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Mnangagwa inauguration under a dark cloud of illegitimacy



ZIMBABWEAN President Emmerson Mnangagwa will today be inaugurated in Harare for a second term after his hotly-disputed re-election under a dark cloud of illegitimacy as the main opposition abandoned its threat of an electoral Constitutional Court challenge, amid confusion on the way forward.


The main opposition CCC and its leader Nelson Chamisa have been groping in the dark on how to proceed due to lack of strategic thinking and calculated tactical manoeuvring,  even though the elections were stolen in front of their eyes.

While some key regional leaders will attend, others will not. 

Notably, Zambian President Hakainde Hichilema, who is also chairperson of the Southern African Development Community (Sadc) troika on politics, defence and security cooperation, will not attend.

Hichilema has not even congratulated Mnangagwa on his contentious victory.

Zimbabwe has been making chaotic noise over who will attend the inauguration as it attempts to address the question of legitimacy after Sadc rejected its elections outcome as neither free, fair nor credible — which is unprecedented in the region.

The head of the Sadc Election Observer Mission, Nevers Mumba, has firmly stood his ground in defending his team’s damning report, which says the Zimbabwean elections failed to meet the basic minimum principles and guidelines governing democratic elections in the region.

Mumba has defended the report, saying his mission acted within its mandate as defined and guided by the Zimbabwean constitution, Electoral Act and the Sadc Principles and Guidelines Governing Democratic Elections.

He also said the report is a product of a team of experts from nine different Sadc countries and 25 different people, as well as stakeholders.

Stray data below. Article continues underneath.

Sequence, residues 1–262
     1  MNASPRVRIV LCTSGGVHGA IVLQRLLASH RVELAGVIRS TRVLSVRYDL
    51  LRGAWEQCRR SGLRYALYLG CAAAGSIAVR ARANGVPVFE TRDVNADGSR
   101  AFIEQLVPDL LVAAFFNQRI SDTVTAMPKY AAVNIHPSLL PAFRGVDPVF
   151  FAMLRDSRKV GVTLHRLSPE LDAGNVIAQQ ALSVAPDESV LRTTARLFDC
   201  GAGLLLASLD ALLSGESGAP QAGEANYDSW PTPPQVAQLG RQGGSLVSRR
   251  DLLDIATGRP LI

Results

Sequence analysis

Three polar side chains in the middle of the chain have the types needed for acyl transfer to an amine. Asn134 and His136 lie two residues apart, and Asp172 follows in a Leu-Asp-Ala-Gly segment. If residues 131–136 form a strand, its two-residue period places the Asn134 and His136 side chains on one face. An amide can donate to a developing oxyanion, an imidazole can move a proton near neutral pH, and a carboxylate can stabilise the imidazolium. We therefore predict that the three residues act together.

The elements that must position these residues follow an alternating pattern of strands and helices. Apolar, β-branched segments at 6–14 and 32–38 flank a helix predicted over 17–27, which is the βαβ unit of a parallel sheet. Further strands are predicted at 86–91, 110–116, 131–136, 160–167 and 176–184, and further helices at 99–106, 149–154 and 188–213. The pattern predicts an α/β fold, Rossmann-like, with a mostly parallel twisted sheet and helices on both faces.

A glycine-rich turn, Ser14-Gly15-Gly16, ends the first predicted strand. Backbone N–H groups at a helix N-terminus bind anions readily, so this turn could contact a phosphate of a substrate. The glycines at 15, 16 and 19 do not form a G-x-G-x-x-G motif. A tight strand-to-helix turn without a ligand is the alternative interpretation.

Mumba said he did not change a word from what the experts wrote as he felt they captured the situation well and accurately.

Reacting to sustained vicious and angry attacks on him over the report from the Zimbabwean government and ruling Zanu PF, Mumba said those making political noise are misguided elements barking up the wrong tree — “hunting down the wrong animal which they won’t eat even if they kill it”.

He said Zimbabwe should follow protocol through the Sadc headquarters in Botswana if it has official complaints to make on the report.

This has put the spotlight on Sadc chairperson Angolan President João Lourenço and Hichilema, who has taken a firm stand on the Zimbabwe issue.

Since Hichilema is not attending the inauguration at the National Sports Stadium in Harare, Mnangagwa’s legitimacy has dramatically taken a further knock, especially given that he initially came to power through a military coup in 2017, and scraped through disputed elections in 2018 and 2023.

Mumba said Hichilema was not involved in writing the report or directing the process beyond his instruction that: “Go to Zimbabwe and give Zimbabweans a chance to have free, fair and credible elections”.

At least  11 heads of state, former presidents, prime ministers and vice-presidents have confirmed attendance, according to the Foreign Affairs ministry.

“More than 12 speakers/ministers/special envoys and ambassadors have also confirmed their attendances. All the ambassadors accredited to Zimbabwe have been also invited for the big day for Zimbabwe. This is a joyous occasion for Zimbabwe. Let’s all celebrate our matured democracy,” the ministry said.